Business people often face an important and complex challenge or opportunity. Engaging a consultant to assist in the associated analysis and decision-making process can be a wise approach. The appropriate consultant can add significant value in the form of research, information, insights, ideas, suggestions, recommendations, approaches and/or solutions. These in turn can be acted on by management who hold the final authority and responsibility for decisions. Consultants therefore serve as researchers, facilitators and advisors.
As outlined in the figure below, a good consultant brings the following five key traits to the table:
Effective consultants employ the following three processes:
- Asking questions of management in order to probe deeply into the issues, the possible causes, efforts to date, and the range of possible solutions given the available time, resources and level of risk aversion.
- Provoking management to engage in creative out-of-the-box or lateral thinking (as per Edward deBono) by challenging them. (i.e. Why are things done this way? Could they be done like this instead?)
- Preparing well researched proposals for consideration and incorporation into the overall strategy by management.
So when you face an critical decision, consider tapping into not only the skills, experience and creativity of your team, colleagues and board members but also those of an external consultant to ensure a thorough consideration of all the options has been undertaken in a timely manner.
Considering Engaging a Consultant?
"Richard Mille’s success is founded upon three crucial elements: the best in technical innovation, the best of artistry and architecture, the best of the heritage and culture of fine watchmaking with hand finishing." Tennis star Rafael Nadal wears the $690,000 RM 27-01, the world's lightest tourbillion watch at 19 grams (my Timex is 44 grams).
"A consultant is someone who borrows your watch and tells you the time."
Advertising executive Carl Ally (1924-1999)
This is a frequently heard joke about consultants, but like many jokes it is actually a half truth. A good consultant works with you and your team to facilitate the achievement of your goals and desired outcomes.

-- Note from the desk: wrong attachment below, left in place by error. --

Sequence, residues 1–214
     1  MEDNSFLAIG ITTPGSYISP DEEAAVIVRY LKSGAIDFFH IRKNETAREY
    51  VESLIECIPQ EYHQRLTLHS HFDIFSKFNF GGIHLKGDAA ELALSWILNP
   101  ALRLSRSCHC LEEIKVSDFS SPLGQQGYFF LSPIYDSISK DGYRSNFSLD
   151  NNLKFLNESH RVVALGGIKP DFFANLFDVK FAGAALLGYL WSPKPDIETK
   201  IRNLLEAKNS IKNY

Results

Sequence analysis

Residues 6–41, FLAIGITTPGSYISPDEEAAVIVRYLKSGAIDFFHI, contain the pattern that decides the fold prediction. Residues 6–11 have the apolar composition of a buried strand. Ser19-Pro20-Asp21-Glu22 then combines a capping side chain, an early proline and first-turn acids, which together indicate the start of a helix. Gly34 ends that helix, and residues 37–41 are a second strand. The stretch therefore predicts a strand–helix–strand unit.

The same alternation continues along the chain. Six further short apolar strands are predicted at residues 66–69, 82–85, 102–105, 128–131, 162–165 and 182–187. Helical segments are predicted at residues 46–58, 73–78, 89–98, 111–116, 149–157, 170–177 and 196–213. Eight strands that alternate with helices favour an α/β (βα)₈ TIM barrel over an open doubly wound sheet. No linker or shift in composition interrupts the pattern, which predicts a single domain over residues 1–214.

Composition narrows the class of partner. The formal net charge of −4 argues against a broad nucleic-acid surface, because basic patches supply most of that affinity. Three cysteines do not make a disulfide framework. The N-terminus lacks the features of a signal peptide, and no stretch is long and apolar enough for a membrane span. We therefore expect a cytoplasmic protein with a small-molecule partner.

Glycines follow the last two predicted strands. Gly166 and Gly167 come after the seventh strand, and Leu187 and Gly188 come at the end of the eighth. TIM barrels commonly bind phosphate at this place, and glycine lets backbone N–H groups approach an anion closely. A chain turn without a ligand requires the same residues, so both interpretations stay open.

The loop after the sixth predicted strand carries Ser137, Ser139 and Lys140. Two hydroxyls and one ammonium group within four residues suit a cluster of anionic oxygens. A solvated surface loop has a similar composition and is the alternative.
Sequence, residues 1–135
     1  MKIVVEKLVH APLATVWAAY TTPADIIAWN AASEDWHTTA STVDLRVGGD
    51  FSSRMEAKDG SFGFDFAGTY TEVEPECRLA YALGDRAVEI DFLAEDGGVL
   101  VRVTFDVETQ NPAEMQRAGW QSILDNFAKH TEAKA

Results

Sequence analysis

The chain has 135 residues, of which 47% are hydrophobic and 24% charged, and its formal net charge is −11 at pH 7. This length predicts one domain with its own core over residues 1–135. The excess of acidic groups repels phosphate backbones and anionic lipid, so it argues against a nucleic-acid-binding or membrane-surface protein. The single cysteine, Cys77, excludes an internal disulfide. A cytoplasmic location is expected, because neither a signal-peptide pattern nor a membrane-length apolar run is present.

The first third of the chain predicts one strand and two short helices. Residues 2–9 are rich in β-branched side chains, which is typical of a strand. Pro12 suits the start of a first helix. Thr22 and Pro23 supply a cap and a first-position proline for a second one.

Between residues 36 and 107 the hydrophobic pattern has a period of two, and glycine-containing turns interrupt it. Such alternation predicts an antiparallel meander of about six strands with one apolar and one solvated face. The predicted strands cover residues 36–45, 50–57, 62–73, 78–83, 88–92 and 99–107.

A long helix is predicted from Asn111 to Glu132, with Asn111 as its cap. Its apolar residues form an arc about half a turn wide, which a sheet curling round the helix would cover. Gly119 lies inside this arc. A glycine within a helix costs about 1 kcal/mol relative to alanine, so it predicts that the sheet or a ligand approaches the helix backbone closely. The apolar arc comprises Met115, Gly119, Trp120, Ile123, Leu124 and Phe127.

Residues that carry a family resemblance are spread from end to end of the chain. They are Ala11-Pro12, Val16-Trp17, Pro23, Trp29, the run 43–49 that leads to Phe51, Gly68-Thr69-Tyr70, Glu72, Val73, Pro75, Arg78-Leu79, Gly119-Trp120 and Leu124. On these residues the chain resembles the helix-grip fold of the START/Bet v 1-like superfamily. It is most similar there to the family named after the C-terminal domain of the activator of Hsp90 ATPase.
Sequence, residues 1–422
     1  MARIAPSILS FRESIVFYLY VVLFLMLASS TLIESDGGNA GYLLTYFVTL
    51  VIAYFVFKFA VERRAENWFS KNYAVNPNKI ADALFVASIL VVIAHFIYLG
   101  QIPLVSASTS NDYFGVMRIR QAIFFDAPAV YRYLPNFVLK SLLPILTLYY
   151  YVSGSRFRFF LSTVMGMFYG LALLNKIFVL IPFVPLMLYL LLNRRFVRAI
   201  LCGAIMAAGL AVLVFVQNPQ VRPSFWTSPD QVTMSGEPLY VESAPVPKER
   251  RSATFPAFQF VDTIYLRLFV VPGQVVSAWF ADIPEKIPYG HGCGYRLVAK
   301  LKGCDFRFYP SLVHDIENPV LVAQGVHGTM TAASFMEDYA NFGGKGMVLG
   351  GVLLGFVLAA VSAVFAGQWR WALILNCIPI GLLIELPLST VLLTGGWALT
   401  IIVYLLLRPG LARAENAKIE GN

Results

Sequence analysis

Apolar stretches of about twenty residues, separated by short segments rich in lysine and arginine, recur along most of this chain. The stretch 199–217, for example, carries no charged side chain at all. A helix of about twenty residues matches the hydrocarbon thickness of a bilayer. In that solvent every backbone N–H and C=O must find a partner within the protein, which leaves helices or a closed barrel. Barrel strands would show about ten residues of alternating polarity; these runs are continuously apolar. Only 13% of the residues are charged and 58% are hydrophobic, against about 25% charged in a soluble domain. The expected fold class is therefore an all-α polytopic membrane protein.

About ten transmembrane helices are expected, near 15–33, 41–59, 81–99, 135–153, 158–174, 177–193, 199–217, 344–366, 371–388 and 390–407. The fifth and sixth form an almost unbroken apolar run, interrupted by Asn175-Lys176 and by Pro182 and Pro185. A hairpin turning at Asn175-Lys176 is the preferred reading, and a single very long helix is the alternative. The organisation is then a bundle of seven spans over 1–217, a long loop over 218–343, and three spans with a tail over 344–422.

Consultants (should) bring outside expertise and a breadth of experience, a fresh perspective and insights, honesty and independence, creativity, questions and challenges, as well as a toolbox of processes and methodologies to the project at hand. (If they don't, you may have the wrong person.) What they cannot bring includes a full understanding of the company mission, goals, culture, politics, capabilities, decision-making processes and risk tolerance. These can only come from the company's leaders, managers and employees (i.e. senior management, the project team and affected/involved employees.)
Thus a strong consulting engagement is a partnership or team effort in which the skills, knowledge and wisdom of everyone is leveraged to its maximum. Effective communication is hence critical in defining, developing and delivering the project.
Consultants will work as hard as you and your team to facilitate and contribute to successful outcomes, as this is how they build and maintain their reputation as well as ensure strong referrals - the two cornerstones of their marketing efforts.
For an independent take on consultants:
"To Consult or Not to Consult?" by Walter Lim of Cooler Insights 18/Dec/2012
"Why use a Consultant" by Small Business Development Associates (SBDA)
Some (somewhat biased) opinions on consulting and consultants.